The firm founded 21 years ago by then-Standford University grad students Sergey Brin and Larry Page has grown into a massive, extremely powerful company -- nine of its products have reached the 1 billion user milestone -- with its hands in search, news, online advertising, cloud computing, software, hardware, autonomous driving, robotics and artificial intelligence.
As fellow tech giant Facebook has faltered post-Cambridge Analytica scandal, dealing with its own Federal Trade Commission (FTC) antitrust probe, and drawing the lions' share of ire from U.S. lawmakers, Alphabet-owned Google has been happy to disappear into the bushes -- like Homer Simpson in that famous GIF.
But the tide may be turning against Google, which began life with a "don't be evil" motto that was changed a few years back to "Do the right thing."
In the wake of this week's $170 million FTC fine over apparent violations of children's privacy laws, a reported new antitrust probe from more than half of American state attorneys general, a corporate culture that sees its top executives face allegations of sexual harassment or affairs with subordinates and internal complaints about discrimination against women and company retaliation -- the Mountain View, Calif. company is at a crossroads.
Attacked on the left for its dominance in search, for allowing the spread of misinformation on YouTube and for its treatment of contract workers, and pilloried on the right over allegations that it discriminates against conservatives, Google is facing a bipartisan backlash the likes of which it's never dealt with before. The company is also facing calls for its breakup from lawmakers, including Sen. Elizabeth Warren, D-Mass.
Some longtime industry watchers believe a potential breakup could spur a wave of new innovation in Big Tech.
"If they took YouTube off of Google, the first meeting of the YouTube board is 'let’s do search.' The first meeting of the Google board is 'let’s do video,'" said Kara Swisher, Recode editor-at-large, in a recent podcast. "And the fact that we have no new search engine since forever and no new social network since 2011 — which is Snapchat — no substantive social networks, no one’s going to go into those businesses because no one’s going to be able to compete."
Regardless of what ultimately happens on the regulatory front, Google's other woes aren't going away anytime soon.
Former Google employee Chelsey Glasson, who claims the company discriminated against her for being pregnant and wrote an internal memo about it that went viral, has filed a claim against Google with the Equal Employment Opportunity Commission.
"As a Google employee I witnessed pregnancy discrimination, and then was faced with it in my own life," Chelsey Glasson, who worked at the Mountain View, Calif. company for more than five years as a user research lead and manager, said in a statement this week. "And, like so many women, I felt threatened by retaliation for reporting the discrimination. This memo, which I published internally at Google and has been read by over 11,000 Google employees, states clearly why we must continue to fight this bias."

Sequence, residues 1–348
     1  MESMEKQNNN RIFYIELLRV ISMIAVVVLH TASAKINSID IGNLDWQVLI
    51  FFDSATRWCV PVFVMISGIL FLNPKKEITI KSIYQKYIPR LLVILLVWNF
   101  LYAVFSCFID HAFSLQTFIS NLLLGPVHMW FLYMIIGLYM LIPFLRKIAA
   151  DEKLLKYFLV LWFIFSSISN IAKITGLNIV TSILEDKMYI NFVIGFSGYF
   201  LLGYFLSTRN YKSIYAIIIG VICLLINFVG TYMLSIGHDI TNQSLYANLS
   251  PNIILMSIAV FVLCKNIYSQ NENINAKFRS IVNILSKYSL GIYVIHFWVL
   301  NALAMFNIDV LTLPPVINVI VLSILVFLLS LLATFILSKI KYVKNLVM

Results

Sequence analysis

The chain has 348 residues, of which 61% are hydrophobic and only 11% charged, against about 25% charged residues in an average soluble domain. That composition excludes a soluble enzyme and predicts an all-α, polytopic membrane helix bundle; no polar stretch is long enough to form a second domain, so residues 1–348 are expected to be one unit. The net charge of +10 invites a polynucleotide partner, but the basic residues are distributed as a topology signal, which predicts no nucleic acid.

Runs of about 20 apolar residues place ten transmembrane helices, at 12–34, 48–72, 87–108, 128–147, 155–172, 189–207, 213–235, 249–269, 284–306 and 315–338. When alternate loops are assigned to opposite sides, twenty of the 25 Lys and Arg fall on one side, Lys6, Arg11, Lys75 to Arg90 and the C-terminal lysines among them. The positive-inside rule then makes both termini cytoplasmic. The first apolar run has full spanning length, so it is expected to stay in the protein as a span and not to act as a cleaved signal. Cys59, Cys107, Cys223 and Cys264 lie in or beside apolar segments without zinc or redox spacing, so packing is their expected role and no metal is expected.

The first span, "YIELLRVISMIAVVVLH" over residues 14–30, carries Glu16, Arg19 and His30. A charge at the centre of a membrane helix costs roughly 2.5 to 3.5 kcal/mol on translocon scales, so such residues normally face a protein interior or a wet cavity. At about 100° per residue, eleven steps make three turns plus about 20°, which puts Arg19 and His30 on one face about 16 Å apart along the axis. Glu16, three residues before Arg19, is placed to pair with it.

When it was reported in June that the Department of Justice, in concert with the FTC, is looking into Silicon Valley broadly over antitrust concerns, shares of Google's parent company dropped 6 percent -- prompting some analysts to warn about the possibility of a breakup.
“To break up Google, the DoJ would likely have to file a lawsuit and convince judges that Google has undermined competition."
“To break up Google, the DoJ would likely have to file a lawsuit and convince judges that Google has undermined competition. It is very rare to break up a company but not unheard of,” Bank of America Merrill Lynch analyst Justin Post wrote in a note, according to Reuters.
According to the complaint filed by the FTC and the New York Attorney General, YouTube explicitly marketed itself as a place for major toy companies to reach children between the ages of 6 and 11.
“Google and YouTube knowingly and illegally monitored, tracked, and served targeted ads to young children just to keep advertising dollars rolling in,” New York Attorney General Letitia James said in a statement. “These companies put children at risk and abused their power, which is why we are imposing major reforms to their practices and making them pay one of the largest settlements for a privacy matter in U.S. history. My office is committed to protecting children and holding those who put our kids in harm’s way — both on and offline — accountable.”
When contacted by Fox News regarding the state attorneys general probe, Google spokesperson Jose Castaneda released the following statement:
“Google’s services help people every day, create more choice for consumers, and support thousands of jobs and small businesses across the country. We continue to work constructively with regulators, including attorneys general, in answering questions about our business and the dynamic technology sector."
Fox News' Chris Ciaccia contributed to this report.